Chernobyl’s arch: Sealing off a radioactive sarcophagus
2013 11 29
By Nick Meo | BBC
Work began in recent days to remove, bit by bit, the giant chimney protruding from the Chernobyl nuclear power station. It’s one small part of a mammoth engineering project, now nearing completion, designed to slash the risk of another major release of radioactivity.
Massive and glittering in the weak winter sunshine, a half-built arch looms over Chernobyl’s decaying industrial landscape of cooling towers and power lines.
The ends of the arch will also be sealed
One of the biggest engineering projects in history, it has been likened to a gigantic metal igloo, built to seal off hundreds of tons of nuclear fuel and dust buried inside reactor number four, which in 1986 blew up and burned for 10 days.
Everything about the project is epic: the size, the 1.5bn euro (£1.2bn) cost, the technical problems of working on a radioactive building site.
At 110m (360ft) tall, the structure could house the Statue of Liberty, and at 257m (843ft) wide, there would be room for a football pitch. There are acres of metal panels in the roof, to seal off the reactor and the dangerous mess inside. The whole lot will be held together by 680,000 heavy bolts.
With these gigantic dimensions the arch would be difficult to build anywhere, but it is being assembled in one of Europe’s more remote corners, a site surrounded by forest and marsh in northern Ukraine, far from the factories of Western Europe where its component parts are made. This autumn, as the project reached the half-way point, it was more than a decade behind schedule, although engineers believe work will now go more quickly and it could be finished in 2015.
"Nothing like this has ever been attempted before," says Don Kelly, 57, a nuclear industry veteran from Washington State, as he walks under the arch. He works with foreign specialists from 24 nations, as well as hundreds of Ukrainian workers. Young French technicians, who monitor radiation, work alongside Ukrainian veterans of the 1986 disaster, former Soviet engineers who risked their lives battling to put the fires out after the reactor exploded, sending a cloud of radioactivity across Europe.
Grinning with enthusiasm as he stares up at the roof, Mr Kelly points out Turkish workers in harnesses far overhead. "For anyone in the nuclear business, this is the place you want to be: the biggest, most exciting project in the world right now," he says.
Philippe Casse acknowledges that getting rid of all this highly radioactive material will be far more difficult than building the arch.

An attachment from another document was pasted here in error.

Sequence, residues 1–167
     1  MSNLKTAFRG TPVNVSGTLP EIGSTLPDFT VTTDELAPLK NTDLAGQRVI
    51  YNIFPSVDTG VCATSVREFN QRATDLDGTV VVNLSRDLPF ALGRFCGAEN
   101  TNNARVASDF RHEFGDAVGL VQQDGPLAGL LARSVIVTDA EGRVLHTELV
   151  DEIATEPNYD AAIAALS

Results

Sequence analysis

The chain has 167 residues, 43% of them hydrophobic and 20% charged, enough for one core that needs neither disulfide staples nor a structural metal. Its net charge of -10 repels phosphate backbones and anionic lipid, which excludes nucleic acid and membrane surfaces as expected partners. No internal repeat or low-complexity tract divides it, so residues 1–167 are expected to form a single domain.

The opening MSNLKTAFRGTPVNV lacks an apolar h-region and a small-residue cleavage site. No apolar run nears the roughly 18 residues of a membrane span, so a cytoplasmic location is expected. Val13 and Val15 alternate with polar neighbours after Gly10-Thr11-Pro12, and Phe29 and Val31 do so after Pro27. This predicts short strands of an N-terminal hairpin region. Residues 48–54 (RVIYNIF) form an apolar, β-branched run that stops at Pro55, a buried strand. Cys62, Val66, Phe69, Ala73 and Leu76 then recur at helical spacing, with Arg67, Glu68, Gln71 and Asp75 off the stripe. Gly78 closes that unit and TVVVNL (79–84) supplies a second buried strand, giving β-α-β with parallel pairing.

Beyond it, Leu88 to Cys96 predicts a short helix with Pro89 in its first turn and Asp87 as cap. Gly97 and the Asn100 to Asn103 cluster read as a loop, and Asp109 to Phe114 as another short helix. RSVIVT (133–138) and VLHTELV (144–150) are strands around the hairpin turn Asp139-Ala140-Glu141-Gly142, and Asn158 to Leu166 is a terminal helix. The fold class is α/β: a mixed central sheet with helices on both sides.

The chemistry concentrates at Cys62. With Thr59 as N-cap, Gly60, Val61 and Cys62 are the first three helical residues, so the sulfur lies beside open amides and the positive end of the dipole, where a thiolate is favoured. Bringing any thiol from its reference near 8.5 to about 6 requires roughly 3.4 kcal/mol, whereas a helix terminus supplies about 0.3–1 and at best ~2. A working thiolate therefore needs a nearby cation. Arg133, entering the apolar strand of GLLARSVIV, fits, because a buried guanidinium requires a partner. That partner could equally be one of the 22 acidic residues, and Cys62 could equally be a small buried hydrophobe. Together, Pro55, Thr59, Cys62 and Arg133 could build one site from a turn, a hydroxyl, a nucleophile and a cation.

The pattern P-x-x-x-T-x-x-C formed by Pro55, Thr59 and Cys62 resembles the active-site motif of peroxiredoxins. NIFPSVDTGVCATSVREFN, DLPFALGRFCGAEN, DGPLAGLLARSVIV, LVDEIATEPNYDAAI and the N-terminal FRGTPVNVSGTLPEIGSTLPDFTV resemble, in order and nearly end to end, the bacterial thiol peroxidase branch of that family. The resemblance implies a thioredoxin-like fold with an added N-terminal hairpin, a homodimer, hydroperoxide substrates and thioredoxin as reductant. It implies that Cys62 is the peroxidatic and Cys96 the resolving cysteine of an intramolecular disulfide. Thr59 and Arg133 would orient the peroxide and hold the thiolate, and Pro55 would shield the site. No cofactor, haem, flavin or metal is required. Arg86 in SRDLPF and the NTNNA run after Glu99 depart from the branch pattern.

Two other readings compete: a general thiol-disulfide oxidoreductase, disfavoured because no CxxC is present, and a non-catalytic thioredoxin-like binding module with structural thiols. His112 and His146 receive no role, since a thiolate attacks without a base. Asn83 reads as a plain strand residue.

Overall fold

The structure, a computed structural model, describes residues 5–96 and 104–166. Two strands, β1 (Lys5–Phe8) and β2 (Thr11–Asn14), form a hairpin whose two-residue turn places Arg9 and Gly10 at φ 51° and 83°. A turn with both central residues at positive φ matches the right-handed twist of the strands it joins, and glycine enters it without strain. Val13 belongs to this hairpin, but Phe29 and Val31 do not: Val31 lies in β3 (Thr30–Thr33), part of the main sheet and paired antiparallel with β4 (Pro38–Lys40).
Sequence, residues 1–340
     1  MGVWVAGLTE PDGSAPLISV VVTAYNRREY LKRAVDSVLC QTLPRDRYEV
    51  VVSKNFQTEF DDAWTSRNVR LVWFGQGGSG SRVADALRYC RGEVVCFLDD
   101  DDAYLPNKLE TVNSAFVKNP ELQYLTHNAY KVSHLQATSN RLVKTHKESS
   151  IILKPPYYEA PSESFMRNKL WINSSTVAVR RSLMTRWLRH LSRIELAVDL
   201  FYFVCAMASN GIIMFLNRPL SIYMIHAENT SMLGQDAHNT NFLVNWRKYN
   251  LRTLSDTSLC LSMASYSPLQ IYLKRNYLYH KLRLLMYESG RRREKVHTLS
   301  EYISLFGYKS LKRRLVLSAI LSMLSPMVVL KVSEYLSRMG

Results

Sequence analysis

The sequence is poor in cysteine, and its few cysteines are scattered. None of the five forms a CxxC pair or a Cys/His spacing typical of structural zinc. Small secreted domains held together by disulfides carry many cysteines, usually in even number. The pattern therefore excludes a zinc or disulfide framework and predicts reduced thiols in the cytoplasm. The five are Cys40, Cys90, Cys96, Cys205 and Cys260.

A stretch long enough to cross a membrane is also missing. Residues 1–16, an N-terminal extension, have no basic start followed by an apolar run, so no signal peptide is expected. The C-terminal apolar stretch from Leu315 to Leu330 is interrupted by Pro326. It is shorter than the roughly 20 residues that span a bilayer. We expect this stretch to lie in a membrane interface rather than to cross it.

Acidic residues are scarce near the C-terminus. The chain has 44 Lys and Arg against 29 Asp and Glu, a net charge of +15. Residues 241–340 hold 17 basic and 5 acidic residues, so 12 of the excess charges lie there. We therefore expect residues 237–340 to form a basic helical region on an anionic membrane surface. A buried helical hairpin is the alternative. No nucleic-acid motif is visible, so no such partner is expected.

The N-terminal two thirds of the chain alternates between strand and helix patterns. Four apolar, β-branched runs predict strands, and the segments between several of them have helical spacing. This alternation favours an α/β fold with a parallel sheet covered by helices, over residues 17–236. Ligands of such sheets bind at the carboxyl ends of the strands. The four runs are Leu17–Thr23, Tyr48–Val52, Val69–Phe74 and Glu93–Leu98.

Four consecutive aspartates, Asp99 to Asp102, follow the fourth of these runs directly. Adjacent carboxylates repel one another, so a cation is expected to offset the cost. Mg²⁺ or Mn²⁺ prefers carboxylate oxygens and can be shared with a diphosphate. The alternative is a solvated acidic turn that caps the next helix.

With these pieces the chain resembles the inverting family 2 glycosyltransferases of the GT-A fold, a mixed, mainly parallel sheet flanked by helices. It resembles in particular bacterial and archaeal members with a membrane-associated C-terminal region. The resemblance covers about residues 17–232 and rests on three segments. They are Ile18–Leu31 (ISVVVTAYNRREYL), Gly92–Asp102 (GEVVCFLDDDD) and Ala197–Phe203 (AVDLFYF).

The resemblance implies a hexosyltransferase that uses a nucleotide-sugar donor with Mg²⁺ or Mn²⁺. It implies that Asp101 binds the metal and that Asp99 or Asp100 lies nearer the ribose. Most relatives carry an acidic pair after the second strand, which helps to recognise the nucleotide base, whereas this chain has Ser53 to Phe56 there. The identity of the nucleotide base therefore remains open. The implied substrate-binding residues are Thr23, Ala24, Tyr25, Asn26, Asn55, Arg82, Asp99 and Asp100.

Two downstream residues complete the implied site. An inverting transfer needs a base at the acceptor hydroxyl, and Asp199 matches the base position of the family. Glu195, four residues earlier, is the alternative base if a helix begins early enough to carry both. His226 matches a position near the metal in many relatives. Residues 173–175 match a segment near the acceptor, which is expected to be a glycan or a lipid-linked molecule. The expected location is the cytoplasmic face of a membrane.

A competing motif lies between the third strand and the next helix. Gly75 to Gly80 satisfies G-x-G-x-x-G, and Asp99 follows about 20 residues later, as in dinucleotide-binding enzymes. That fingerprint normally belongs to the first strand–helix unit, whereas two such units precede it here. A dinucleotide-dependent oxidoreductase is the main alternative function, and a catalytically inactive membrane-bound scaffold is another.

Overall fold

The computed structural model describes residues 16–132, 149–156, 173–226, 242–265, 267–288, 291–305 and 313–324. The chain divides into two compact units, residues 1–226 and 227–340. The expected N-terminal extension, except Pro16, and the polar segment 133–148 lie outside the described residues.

"Disposal will be an even bigger project," he says.
"There is no money at the moment.
"It could be done in 50 years’ time. Perhaps there will be the technology to solve the problem then."
Read the full article at: bbc.co.uk
Ukraine, Japan to monitor Chernobyl and Fukushima from space
Japan and IAEA “grossly downplaying” Fukushima cesium releases — Chernobyl-like levels leaked
Visit Sunny Chernobyl: Author Says Nuclear Meltdown Good for the Environment
The 25th Anniversary of Chernobyl (2011)
Germany’s radioactive boars a legacy of Chernobyl
Ukraine to open Chernobyl area to tourists in 2011
The world remembers Chernobyl
Chernobyl: Life in the Dead Zone
Latest News from our Front Page
STAGED INFECTION: Has The Ebola ‘Outbreak’ Narrative Fallen Apart?
2014 10 22
Over the past month, the ‘pandemic’ propaganda surrounding the deadly Ebola virus seemed to reach vitriolic levels – raising serious questions about the validity of this current viral outbreak…
On Monday of this week, it was reported that 48 people were released and cleared after a 21-day quarantine due to their contact with the now deceased Ebola-stricken patient Thomas Eric ...
6,000-Year-Old Temple with Possible Sacrificial Altars Discovered
2014 10 21
A 6,000-year-old temple holding humanlike figurines and sacrificed animal remains has been discovered within a massive prehistoric settlement in Ukraine.
Built before writing was invented, the temple is about 60 by 20 meters (197 by 66 feet) in size. It was a "two-story building made of wood and clay surrounded by a galleried courtyard," the upper floor divided into five ...
What happened to Journalist Serena Shim? Assassinated? Find out what happened to Serena, Press TV director calls on Turkey
2014 10 21
Press TV news director Hamid Reza Emadi says the “suspicious death,” of the news channel’s correspondent in Turkey is a tragedy for “anyone who wants to get the truth.”
Emadi made the remarks in an interview with Press TV on Sunday following Serena Shim’s death across the border from Syria’s Kurdish city of Kobani, where the ISIL terrorists and Kurdish fighters ...
Ancient Roman Nanotechnology Inspires Next-Generation Holograms for Information Storage
2014 10 21
The Lycurgus Cup, as it is known due to its depiction of a scene involving King Lycurgus of Thrace, is a 1,600-year-old jade green Roman chalice that changes colour depending on the direction of the light upon it. It baffled scientists ever since the glass chalice was acquired by the British Museum in the 1950s, as they could not work ...
Rapid Geomagnetic Reversal Possibility: Confirmed
2014 10 21
From the video: "The scientists who conducted the study are still unsure why the magnetic field is weakening, but one likely reason is the Earth’s magnetic poles are getting ready to flip, said Rune Floberghagen, the ESA’s Swarm mission manager. In fact, the data suggest magnetic north is moving toward Siberia."
Tune into Red Ice Radio:
Ben Davidson - Suspicious0bservers: Space Weather ...
|More News » |